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4-H's influence deserves credit for achievements
MISSISSIPPI STATE – "Next to my family and my faith, 4-H has had the biggest influence on my life," said Camille Scales Young, national president of the Mississippi State University Alumni Association representing more than 125,000 alumni worldwide.
As a third generation 4-H’er, Young was a member of the Countyline 4-H Club in Lee County. Her projects included nutrition, public speaking and clothing selection/construction.
“Kathleen Smith was my leader, and she is still leading that group. My dad was in 4-H, and his mother was a club leader,” she said. “4-H helped me become the person I am. Special people nurtured me along the way to do things I would not have done without their encouragement.”
Young grew up in Shannon and graduated from MSU with a bachelor’s degree in communication management in 1994 and a master’s degree in agriculture and extension education in 1996. After 15 years of experience in state and federal government, Young joined Cornerstone Government Affairs in Jackson and is now a vice president of the group.
In addition to her other 4-H youth projects, Young was involved in leadership development opportunities such as the 4-H All-Stars and the Awareness Team. Her activities took her to conferences in Chicago and Washington, D.C.
“While a student at MSU, I was involved in collegiate 4-H, which was very different from my earlier experiences,” she said. “There were more diverse people and opportunities. It was very service-oriented and not competitive.
“The record keeping, public speaking and experience meeting a variety of people have helped me grow into the career I have now,” Young said. “Things I learned in my projects, such as nutrition and clothing, have helped me in my No. 1 job now, and that’s being a mom.”
Among the many role models 4-H brought into her life, Young points to Everlyn Johnson, who is retired from the MSU Extension Service, as a major influence. Johnson worked at the county and state levels primarily as a clothing and textiles specialist.
“Dr. Johnson continues to encourage me as a professional, working mother. She is a dedicated volunteer with the gift of hospitality,” Young said. “I’ve watched how she raised her children while having a successful career. She has helped me keep the proper perspective in setting personal and professional goals.”
Johnson said Young’s personal and professional lives require advanced people skills and the ability to multitask. Young and her husband, Keith, are rearing their children in suburban Madison County.
“4-H activities were fantastic ways for Camille to learn the skills she needs now to live such an active and successful life,” she said. “She can juggle several major projects at once and has great people skills.”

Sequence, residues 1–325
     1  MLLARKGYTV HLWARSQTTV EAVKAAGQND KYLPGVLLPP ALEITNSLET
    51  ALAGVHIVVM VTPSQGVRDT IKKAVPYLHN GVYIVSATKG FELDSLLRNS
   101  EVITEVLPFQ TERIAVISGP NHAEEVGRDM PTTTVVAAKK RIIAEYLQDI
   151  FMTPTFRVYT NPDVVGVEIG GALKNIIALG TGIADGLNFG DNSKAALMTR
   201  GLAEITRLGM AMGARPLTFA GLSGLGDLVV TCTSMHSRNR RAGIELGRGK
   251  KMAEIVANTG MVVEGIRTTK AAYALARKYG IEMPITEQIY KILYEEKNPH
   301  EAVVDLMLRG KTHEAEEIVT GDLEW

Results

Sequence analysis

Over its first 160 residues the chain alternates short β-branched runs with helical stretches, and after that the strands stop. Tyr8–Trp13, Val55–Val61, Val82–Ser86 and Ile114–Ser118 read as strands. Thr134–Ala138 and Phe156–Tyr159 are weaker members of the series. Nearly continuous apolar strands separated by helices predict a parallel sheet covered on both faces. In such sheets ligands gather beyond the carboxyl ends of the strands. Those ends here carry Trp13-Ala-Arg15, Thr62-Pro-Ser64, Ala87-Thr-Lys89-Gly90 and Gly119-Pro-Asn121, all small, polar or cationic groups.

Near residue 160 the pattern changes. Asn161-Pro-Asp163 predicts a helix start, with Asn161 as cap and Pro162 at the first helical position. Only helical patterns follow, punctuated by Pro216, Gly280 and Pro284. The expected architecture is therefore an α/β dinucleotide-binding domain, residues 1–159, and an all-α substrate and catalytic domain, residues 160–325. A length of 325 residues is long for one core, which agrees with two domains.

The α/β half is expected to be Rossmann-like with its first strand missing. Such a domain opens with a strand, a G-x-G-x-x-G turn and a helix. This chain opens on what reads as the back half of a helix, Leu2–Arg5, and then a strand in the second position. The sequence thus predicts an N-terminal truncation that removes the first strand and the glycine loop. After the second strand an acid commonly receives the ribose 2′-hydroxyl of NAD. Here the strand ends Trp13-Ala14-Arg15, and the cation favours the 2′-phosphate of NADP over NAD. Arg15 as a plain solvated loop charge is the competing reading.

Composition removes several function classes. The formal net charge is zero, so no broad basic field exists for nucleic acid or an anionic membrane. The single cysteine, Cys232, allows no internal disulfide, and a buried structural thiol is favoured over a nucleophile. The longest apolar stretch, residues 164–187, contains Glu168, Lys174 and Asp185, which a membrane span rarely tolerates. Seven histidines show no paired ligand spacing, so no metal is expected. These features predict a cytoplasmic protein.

Johnson remembers watching Young’s professional career expand while serving on advisory boards, building a new house, participating in the Junior League of Jackson, serving her church and parenting three active children.
“Camille has been able to accomplish a great deal early in life, largely because of the wealth of experience she gained in 4-H,” Johnson said. “Even as a college student, she was responsible for planning major 4-H activities, such as our delegation’s trip to Citizenship Washington Focus, when she was an intern in the state 4-H office.”
In addition to her involvement in the MSU Alumni Association, Young has long served on the 4-H Foundation Board of Trustees, which directs and manages foundation activities and finances on behalf of the Mississippi 4-H program.
“Camille and the other trustees provide knowledgeable and respected guidance to the state’s 4-H youth development activities,” said Paula Threadgill, associate director of the MSU Extension Service. “Camille is a great example of how 4-H helps guide and direct individuals in reaching their full potential.
“As a Foundation Board member, Camille brings a broad background of experience as we target future needs for youth development,” she said. “We rely on the Mississippi 4-H Foundation’s guidance as we offer opportunities and support to the state’s children, communities and 4-H program.”
Young said serving on the Foundation Board offers her the chance to give back to the organization that gave her so many opportunities.
“4-H is a youth development program, but it also gives adults the chance to guide and influence future community leaders,” she said. “Volunteer leaders and 4-H alumni never lose sight of the importance of serving their community, their country and their world.”